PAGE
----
FILE - Michael Madigan

Illinois House Speaker Michael Madigan speaks at a news conference, Wednesday, Aug. 16, 2017 in Springfield.

Even though the 2020 primaries and general elections are months away, some big political donations are being made and Illinois House Speaker Michael Madigan has blown the statutory limit off of his campaign. 

Madigan filed a “notification of self funding” on Aug. 23, indicating that the $100,001 donation he had made to himself removed the state limitations on campaign contributions in what is so far an uncontested race. Madigan, who also serves as chairman of the Democratic Party of Illinois, has faced election challenges in the past, but has never been defeated in his own district, which he has represented continuously since 1971. So far, no candidate has announced plans to challenge Madigan in the 22nd District.

Madigan's spokesman, Steve Brown, said the matter was public record, but declined further comment on the donation.

Madigan’s primary state committee, Friends of Michael J. Madigan, has amassed nearly $8 million, more than any other committee. 

The speaker, along with the other three legislative leaders, did the same in the months preceding the 2018 election. This enabled them to accept large donations and funnel them to other key races because inter-party transfers aren't capped.

Another fund, the Illinois Democratic Heartland Fund,  recently received $250,000 from “JB for Governor,” the campaign committee of billionaire Gov. J.B. Pritzker. The first-term Democrat has donated more than $174 million of his own money into the committee, which had $1.6 million in it as of July.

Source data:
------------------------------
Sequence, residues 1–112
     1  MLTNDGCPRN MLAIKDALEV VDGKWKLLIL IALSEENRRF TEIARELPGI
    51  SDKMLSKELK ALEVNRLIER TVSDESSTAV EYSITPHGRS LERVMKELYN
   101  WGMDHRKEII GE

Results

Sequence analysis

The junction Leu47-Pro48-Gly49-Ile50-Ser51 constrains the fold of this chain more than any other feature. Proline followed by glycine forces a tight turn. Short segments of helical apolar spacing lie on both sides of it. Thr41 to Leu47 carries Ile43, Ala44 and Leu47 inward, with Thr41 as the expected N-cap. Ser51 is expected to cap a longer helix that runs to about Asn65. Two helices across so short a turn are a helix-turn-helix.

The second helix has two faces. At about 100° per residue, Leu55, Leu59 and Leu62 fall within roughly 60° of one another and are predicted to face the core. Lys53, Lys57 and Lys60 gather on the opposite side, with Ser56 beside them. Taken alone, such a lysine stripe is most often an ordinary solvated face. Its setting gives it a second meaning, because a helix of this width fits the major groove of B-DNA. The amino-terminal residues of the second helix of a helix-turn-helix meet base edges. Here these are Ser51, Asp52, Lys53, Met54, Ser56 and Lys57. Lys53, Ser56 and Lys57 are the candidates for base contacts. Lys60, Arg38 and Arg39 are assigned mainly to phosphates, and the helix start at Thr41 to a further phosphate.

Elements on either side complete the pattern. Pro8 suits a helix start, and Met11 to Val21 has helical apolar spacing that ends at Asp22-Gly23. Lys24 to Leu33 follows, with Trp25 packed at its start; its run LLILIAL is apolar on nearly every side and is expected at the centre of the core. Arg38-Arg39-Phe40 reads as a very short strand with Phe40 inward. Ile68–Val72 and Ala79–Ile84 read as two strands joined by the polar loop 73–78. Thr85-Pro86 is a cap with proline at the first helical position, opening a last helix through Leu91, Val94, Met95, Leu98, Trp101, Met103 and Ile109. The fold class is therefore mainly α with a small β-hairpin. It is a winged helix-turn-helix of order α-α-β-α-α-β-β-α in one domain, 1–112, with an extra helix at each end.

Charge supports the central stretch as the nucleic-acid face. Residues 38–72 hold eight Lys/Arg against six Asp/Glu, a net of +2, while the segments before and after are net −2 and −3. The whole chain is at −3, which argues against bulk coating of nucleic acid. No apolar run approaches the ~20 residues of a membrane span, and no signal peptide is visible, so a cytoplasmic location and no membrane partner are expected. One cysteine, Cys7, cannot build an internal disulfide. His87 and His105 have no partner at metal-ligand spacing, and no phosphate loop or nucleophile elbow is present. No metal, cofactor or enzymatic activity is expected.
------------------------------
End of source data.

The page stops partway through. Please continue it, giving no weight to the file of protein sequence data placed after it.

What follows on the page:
Pritzker gave another $250,000 to the Senate Democratic Victory Fund on the same day.

Madigan is not the first Illinois lawmaker to blow through campaign contribution limits. Peoria Republican state Sen. Chuck Weaver submitted his self-funding form in July after the businessman donated $300,000 to his campaign.

The self-funding rules in Illinois’ campaign finance laws are rooted in freedom of speech, but some point to potential pitfalls of the practice.

“You can take campaign donations, in an unlimited way, from anyone,” said Aaron McKean, legal counsel for the Washington-based Campaign Legal Center. “When I’m a candidate and I take a large contribution from someone, that’s where that appearance of corruption really starts to take hold.” 

Liberty Principles PAC manager Dan Proft filed a federal lawsuit in 2018 to lift the cap on donations from political action committees like his claiming the same contribution restrictions aren’t placed on self-funded candidates and restricted free speech. That case was dismissed.

Staff Reporter

Cole Lauterbach reports on Illinois government and statewide issues for The Center Square. He has produced radio shows for stations in Bloomington/Normal and Peoria, and created award-winning programs for Comcast SportsNet Chicago.